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On his beat, he keeps it upbeat.

Byline: Susan Palmer The Register-Guard

Camel spiders as big as your palm, searing heat and dust so powdery a helicopter's rotors churn it into an obscuring storm - that's the short list of things Chief Warrant Officer Chris Pace won't miss when he leaves Iraq for good next January.

Pace, a Eugene native and a career Army helicopter pilot, has a brief reprieve from it all with two weeks home from the war. A tall 42-year-old with the rugged, chiseled look of a soldier, Pace has served since graduating from Churchill High School in 1982.

He's been stationed all over the world - Germany, South Korea, Italy, Bosnia. He was among the first soldiers to cross the berm from Kuwait to Iraq at the start of the U.S. invasion in 2003. He ferried troops in a Black Hawk helicopter.

The worst part of that duty was the loss of a crew who crashed while flying in a sandstorm just before the war started, Pace said Friday.

"Training in that environment was not what we were used to. We also had to learn how to get our heads in the game," he said.

He transported soldiers and supplies during the first two months of the war before being transferred to Italy and then to Germany. He returned to Iraq last January with a unique assignment: ferrying performers to bases as entertainment officer.

"Troop morale is definitely important," he said. "It can be a lonely place, and my commanding general has given me a mandate to get out to his warriors."

Pace has brought in wrestlers and country music acts Toby Keith and Charlie Daniels. He has escorted comedians Kathy Griffin, from "My life on the D List," and Mike McDonald from "Mad TV." Recently, 12 Denver Broncos cheerleaders made the rounds. "They love cheerleaders," he said.

Because he travels so extensively, Pace has a fairly good idea of how soldiers are doing. Despite extended and repeat tours, their morale is generally good, he said.

"Overall, troops are very highly motivated, but it's a mixed bag," he said. About 80 percent are doing fine, he said, but the rest find the war too big a burden on themselves and their families.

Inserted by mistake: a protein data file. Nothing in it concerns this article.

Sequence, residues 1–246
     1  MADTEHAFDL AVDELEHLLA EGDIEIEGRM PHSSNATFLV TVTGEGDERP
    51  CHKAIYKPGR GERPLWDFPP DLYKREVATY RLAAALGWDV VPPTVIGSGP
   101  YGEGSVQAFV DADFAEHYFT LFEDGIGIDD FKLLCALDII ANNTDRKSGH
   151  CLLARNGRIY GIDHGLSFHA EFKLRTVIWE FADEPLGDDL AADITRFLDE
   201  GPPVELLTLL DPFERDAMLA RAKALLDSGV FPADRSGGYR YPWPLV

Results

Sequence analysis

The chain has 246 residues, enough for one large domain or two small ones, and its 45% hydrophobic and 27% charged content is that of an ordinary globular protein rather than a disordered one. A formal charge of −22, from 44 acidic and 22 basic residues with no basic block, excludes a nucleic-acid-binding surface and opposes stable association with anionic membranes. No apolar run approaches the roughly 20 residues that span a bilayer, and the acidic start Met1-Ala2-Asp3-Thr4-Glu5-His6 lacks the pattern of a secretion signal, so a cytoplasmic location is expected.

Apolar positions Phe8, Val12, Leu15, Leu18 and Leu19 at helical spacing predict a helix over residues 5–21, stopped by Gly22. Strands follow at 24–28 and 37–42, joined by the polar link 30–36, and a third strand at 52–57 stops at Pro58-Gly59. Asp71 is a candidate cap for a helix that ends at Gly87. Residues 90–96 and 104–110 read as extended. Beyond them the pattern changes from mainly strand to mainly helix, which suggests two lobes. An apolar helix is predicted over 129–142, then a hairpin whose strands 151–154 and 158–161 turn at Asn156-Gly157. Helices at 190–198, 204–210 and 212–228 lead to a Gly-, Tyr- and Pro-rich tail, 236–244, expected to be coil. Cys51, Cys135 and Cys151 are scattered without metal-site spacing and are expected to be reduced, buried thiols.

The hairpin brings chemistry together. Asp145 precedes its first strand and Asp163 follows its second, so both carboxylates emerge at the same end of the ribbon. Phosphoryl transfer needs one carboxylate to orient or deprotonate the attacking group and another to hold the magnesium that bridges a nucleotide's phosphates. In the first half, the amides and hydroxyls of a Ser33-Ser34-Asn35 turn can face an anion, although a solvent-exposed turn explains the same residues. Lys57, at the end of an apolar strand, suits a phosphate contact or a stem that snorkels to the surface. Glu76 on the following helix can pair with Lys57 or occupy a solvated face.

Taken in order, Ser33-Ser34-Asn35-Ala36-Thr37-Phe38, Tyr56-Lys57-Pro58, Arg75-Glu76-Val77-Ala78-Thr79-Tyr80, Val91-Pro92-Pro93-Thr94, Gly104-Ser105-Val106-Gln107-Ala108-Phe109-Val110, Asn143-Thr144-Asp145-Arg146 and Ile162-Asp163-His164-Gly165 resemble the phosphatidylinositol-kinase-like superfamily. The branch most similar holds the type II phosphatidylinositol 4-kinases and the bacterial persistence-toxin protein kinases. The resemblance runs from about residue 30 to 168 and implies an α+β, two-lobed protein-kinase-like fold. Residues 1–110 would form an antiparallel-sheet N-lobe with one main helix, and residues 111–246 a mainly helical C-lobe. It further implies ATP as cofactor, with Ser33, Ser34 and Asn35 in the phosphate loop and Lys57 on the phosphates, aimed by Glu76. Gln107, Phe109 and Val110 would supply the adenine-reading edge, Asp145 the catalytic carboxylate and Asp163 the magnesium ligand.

He said U.S. soldiers may have a more positive outlook than Americans generally, whose view of the war is skewed by media reports that focus on the negative, such as insurgent attacks and body counts.

But soldiers see that the Iraqi government is functioning, that the Iraqi army and police forces are taking on more responsibilities and that public infrastructure is being rebuilt.

"I think it's going well. It just takes a long time. It takes a lot of dedication, commitment and sacrifice," he said.

"Enduring Patience," might be a more appropriate name for the conflict than "Enduring Freedom," Pace said. Despite the political debate over how long U.S. troops should remain in Iraq, he believes Americans have the patience to see it through.

Still, it's hard on the soldiers, hard on their families and harder to persuade soldiers to stay in the Army, he said, adding that he hasn't seen any firm numbers but believes divorce rates among those serving in Iraq are up.

For Pace, just now, the war is a world away. Relaxing on the wooden deck at his in-laws' home on several secluded acres off Lorane Highway, he was enjoying the 70-degree shade and the company of family, his wife, Tamara, and his 14-year-old son, Robert. He said they plan to spend some time at the Oregon Coast before he heads back to Iraq.

His flight home was a two-day trip that routed him from Baghdad through Kuwait, Germany, Atlanta and Portland. When he worried that a delay in Atlanta might make him miss his Eugene connection, the flight attendant called ahead to hold the plane. On that flight, he and another soldier just back from Afghanistan were applauded by passengers, who let the soldiers disembark first.

He said he's received a lot of spontaneous thanks from strangers, once from a young girl who asked her mother, "Is that one of the soldiers who is saving our world?"

People seem most interested in knowing how hot and how dangerous Iraq is, he said.

While recent temperatures there have topped 115 degrees, he said he suffered more in the 90-degree humid weather in Atlanta.

As for danger, Pace said no bullets have pierced the helicopters he's piloted but he's seen tracer bullets on some night flights.

Tamara said she worries less about him now than she did at the start of the war but still can't bring herself to follow the news. As a military wife, she has plenty of experience saying goodbye to her husband; it's one of those things that gets harder - not easier, with time, she said.

Pace's tour ends in January, and he'll retire from the Army in March. The family plans to build a house on property adjoining that of Tamara's parents, a serene spot with many trees, most of them tied with yellow ribbons in place since the start of the war.

Son Robert has his sights set on the day his dad stands down.

"Just having him around," he said, "I'm looking forward to the whole family being together."
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Title Annotation:International; This Army warrant officer brings much needed fun to soldiers in Iraq
Publication:The Register-Guard (Eugene, OR)
Date:Jul 29, 2006
Words:879
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